Why did James Gibbs and William Buckland sit for their portraits holding compasses? Why did Asher Benjamin and Owen Biddle begin their pattern books with Practical Geometry?  Why was Peter Nicholson’s book about practical geometry The Carpenter’s New Guide, published in 1792, so popular that it ran through 10 editions?

 A compass was the master builder’s symbol, his tool. Practical geometry governed how we designed and built: plans and elevations, framing; windows, doors, ornamentation. Measurements came after layout. Facility with a compass was a basic skill taught to apprentices by master builders.  The Industrial Revolution, especially the need for interchangeable parts and therefore standard dimensions, made geometry - expressed by both Vitruvius and Palladio as an understanding that a building’s parts should correspond to the whole and to each other - seem irrelevant.  And as apprenticeships disappeared so did the unwritten knowledge of practical geometry.

  Jane Griswold Radocchia, an “old house” architect, began writing about vernacular architecture for her regional newspaper in Massachusetts in 1989. The column, which ran bi-weekly for 10 years, received a MA Historic Preservation Award in 1994.  Jane began to research the use of geometry in construction about 2009, writing about it in her architectural blog,  In 2014 she presented at the Timber Framers Guild Annual Meeting. In 2015 and 2016, she taught hands-on sessions on Practical Geometry for the International Preservation Trades Network Workshops. She will teach again at the IPTNW in 2017.  Jane Radocchia’s BA is from Oberlin College. Her M. Arch with honors is from MIT. She has received numerous historic preservation awards for her work with old houses.

Practical Geometry: How We Designed and Laid Out Buildings Before Standard Dimensions

Lecture by Jane Griswold Radocchia
May 10

The Latrobe Chapter of the Society of Architectural Historians, in partnership with the Washington, DC Chapter of the Association for Preservation Technology, will host a summer picnic and tour at the Clermont Farm in Berryville, Virginia.

Clermont Farm, a 360-acre working cattle and sheep farm, is a site dedicated to research and training in history, historic preservation, and agriculture.  A gift to the people of Virginia by Elizabeth Rust Williams in 2004, the site is owned by the Virginia Department of Historic Resources and operated by the Clermont Foundation.

Clermont is architecturally significant as a well-preserved agricultural complex of buildings ranging in date from about 1770 to the mid-twentieth century. The farm’s original main dwelling, a frame one-and-a-half-story house, probably built around 1770, is one of the oldest surviving houses in Clarke County.  Attendees will also have the opportunity to tour the ongoing restoration of the 1823 log slave dwelling.  Visit for additional information on the site.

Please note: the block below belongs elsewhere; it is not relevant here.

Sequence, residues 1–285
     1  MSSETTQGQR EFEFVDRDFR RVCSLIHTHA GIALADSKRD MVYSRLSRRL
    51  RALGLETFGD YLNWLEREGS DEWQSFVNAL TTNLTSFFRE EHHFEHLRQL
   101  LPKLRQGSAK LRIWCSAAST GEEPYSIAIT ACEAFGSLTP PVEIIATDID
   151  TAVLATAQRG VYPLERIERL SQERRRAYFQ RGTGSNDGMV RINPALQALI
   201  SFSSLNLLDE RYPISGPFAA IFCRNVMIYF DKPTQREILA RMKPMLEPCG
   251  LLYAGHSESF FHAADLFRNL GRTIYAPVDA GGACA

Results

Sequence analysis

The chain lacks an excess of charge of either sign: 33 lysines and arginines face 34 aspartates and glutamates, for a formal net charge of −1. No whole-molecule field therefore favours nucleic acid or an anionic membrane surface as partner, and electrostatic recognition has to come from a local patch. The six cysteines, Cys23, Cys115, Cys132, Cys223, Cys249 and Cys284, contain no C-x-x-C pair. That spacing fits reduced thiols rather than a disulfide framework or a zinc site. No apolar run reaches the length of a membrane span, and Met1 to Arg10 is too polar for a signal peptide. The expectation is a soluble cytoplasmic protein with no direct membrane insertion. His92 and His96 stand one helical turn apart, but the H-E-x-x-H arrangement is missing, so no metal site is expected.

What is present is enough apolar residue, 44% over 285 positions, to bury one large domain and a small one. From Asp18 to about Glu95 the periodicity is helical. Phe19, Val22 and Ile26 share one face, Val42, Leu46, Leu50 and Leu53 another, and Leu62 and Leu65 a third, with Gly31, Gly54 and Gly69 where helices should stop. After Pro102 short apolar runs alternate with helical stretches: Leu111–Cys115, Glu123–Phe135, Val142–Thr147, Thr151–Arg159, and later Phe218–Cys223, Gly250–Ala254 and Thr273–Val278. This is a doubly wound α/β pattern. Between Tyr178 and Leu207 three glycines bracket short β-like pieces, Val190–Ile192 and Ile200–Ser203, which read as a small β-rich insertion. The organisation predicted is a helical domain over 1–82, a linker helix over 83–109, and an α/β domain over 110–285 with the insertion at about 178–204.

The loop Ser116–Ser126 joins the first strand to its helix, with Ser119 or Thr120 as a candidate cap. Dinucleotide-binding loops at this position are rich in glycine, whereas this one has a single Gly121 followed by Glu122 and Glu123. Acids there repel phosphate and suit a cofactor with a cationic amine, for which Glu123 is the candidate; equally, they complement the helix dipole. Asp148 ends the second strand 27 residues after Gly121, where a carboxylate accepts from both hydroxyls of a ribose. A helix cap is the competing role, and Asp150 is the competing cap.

Clermont Farm

Summer Picnic & Tour
June 17


12th Biennial Symposium on the Historic Development of Metropolitan Washington, D.C.
Co-Sponsored by the D.C. Preservation League and The Catholic University of America, School of Architecture and Planning

City and Capital: Building Washington, DC as Home and Symbol

October 16

Following the 2015 Islamic extremist attacks on the French satirical newspaper Charlie Hebdo, Pope Francis asserted “there is a limit to free speech” when it comes to religion and that we “cannot make fun of faith.”  But is this true in the American context?  In this talk, we will explore follies of belief in the United States—the Washington, D.C. Mormon Temple, which graffiti compares to The Wizard of Oz; the so-called “Touchdown Jesus” mural at the University of Notre Dame; Jim and Tammy Faye Bakker’s Heritage USA Christian theme park; and Oral Roberts University—to understand the ways Americans have responded to religious difference using humor and satire.  Our reactions to the images of religion we see in our landscape suggest that Americans can and do make fun of faith productively, helping us to negotiate religious difference and take steps toward realizing religious pluralism.

Dr. Margaret Grubiak is an associate professor of architectural history at Villanova University and author of White Elephants on Campus: The Decline of the University Chapel in America, 1920–1960.  She lives in Alexandria, Virginia with her husband.  Her current book project on the humor and satire of American religious architecture was inspired by frequently passing the Mormon Temple along Washington’s Beltway on her commute to Philadelphia.

Follies of Belief: Architecture, Religion, and Humor in Modern America

Lecture by Margaret M. Grubiak
December 5